On April 27, 2007, I wrote “GINA: A Primer“, which was an introduction to the Genetic Nondiscrimination Act. Today, nearly a year later, the bill will most likely be voted on and passed by the Senate, the last step before being handed over to President Bush to sign into law (which he has indicated that he will do). As I wrote last April:
“GINA aims to protect individuals in a variety of different areas. The legislation would prohibit access to genetic information by insurance companies and would prohibit insurance companies from discriminating against an applicant based on genetic information, the refusal to submit genetic information, or for have been genetically tested in the past. Additionally, the Act would prohibit employers from using or collecting genetic information to make employment decisions. The Act also establishes a Genetic Nondiscrimination Study Commission that is charged with reviewing new developments in the field of genetics and advising Congress.”
This bill is considered by many to be an important first step in providing protections against the misuse of recent and future developments in genetic sequencing and analysis technology.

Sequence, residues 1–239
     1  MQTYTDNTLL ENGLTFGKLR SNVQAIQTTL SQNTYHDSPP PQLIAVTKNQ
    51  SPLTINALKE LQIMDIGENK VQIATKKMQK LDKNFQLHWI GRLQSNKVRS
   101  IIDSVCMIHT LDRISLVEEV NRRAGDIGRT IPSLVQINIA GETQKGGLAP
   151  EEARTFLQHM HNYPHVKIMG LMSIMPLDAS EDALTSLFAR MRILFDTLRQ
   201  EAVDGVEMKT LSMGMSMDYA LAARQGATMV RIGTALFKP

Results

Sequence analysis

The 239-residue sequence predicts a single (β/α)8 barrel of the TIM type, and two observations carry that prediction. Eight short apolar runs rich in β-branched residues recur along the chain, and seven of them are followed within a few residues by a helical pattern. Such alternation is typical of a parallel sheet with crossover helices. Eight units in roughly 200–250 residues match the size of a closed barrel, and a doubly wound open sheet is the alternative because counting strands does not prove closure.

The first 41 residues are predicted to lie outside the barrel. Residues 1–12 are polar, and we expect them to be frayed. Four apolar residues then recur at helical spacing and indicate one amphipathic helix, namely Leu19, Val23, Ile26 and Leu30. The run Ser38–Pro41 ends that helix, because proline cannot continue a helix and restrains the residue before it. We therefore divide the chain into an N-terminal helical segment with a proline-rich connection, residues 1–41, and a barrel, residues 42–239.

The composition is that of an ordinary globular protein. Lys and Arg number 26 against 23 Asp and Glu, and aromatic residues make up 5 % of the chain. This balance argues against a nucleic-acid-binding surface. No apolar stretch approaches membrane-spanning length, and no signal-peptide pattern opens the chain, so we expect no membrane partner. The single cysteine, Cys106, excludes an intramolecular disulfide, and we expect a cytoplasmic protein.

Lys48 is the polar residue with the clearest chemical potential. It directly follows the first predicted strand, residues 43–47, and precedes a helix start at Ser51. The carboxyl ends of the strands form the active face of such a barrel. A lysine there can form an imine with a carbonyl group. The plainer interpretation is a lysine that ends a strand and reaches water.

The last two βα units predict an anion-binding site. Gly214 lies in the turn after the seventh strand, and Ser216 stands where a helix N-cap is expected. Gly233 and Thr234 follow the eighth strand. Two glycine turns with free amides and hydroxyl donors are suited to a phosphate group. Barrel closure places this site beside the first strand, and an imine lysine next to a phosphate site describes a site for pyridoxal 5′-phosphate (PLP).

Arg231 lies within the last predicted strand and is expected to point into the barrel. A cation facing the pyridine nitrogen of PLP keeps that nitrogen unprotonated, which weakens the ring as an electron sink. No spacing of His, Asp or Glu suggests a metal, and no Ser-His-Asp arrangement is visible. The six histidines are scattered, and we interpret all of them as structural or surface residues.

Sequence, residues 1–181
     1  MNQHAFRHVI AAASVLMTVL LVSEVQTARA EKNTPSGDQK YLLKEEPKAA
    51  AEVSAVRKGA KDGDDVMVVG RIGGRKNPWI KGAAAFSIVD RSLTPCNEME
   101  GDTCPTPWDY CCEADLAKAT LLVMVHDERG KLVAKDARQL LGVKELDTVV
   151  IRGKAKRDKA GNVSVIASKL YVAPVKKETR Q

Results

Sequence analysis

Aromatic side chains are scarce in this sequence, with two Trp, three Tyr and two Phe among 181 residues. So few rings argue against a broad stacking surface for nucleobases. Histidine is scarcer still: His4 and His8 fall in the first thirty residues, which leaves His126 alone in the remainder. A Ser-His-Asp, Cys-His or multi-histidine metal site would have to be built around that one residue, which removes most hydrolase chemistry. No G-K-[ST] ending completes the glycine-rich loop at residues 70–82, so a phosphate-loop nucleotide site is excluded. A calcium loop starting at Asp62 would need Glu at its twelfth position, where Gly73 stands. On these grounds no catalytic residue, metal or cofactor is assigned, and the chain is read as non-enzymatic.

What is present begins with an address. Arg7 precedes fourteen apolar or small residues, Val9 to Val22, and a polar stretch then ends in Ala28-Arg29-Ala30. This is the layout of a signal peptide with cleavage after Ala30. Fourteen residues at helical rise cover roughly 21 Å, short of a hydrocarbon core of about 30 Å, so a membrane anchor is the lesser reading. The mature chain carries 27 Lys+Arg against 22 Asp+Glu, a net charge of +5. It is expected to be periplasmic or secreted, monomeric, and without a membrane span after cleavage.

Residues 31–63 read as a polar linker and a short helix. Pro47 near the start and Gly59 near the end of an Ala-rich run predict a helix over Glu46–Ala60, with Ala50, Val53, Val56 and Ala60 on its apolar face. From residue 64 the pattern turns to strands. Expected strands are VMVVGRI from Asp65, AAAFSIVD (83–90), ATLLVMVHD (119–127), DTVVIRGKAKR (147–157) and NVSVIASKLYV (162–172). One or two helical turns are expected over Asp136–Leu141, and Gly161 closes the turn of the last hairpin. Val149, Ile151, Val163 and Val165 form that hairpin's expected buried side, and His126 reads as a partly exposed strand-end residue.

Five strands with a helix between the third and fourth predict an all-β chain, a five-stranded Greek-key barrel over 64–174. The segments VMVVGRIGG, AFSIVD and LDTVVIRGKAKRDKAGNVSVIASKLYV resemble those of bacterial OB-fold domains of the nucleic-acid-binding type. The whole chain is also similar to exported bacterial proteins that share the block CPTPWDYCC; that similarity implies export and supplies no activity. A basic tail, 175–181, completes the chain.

There is a great deal of information about today’s vote:
- The New York Times – Congress Near Deal on Genetic Test Bias Bill
- The Gene Sherpa – GINA will PASS! Thanks GTO!
- American Society of Human Genetics – Genetic Scientists Anticipate U.S. Senate Passage of GINA (pdf)
- CNN – Lawmakers back bill to ban genetic discrimination at work
- GenomeWeb Daily News – Senate to Vote on GINA Tomorrow … Finally
- Eye on DNA – GINA Nears Unanimous Consent Passage in U.S. Senate
- Women’s Bioethics Project – Genetic nondiscrimination bill finally coming up for Senate vote
- Genomeboy.com – A momentous hump day
There is also some very recent information from the Center for American Progress entitled “Genetic Nondiscrimination: Policy Considerations in the Age of Genetic Medicine” (full pdf report here).Â The Center (which I am not familiar with) also has a recent interview with a genetic counselor: “It’s All in the Genes (Or Is It?)”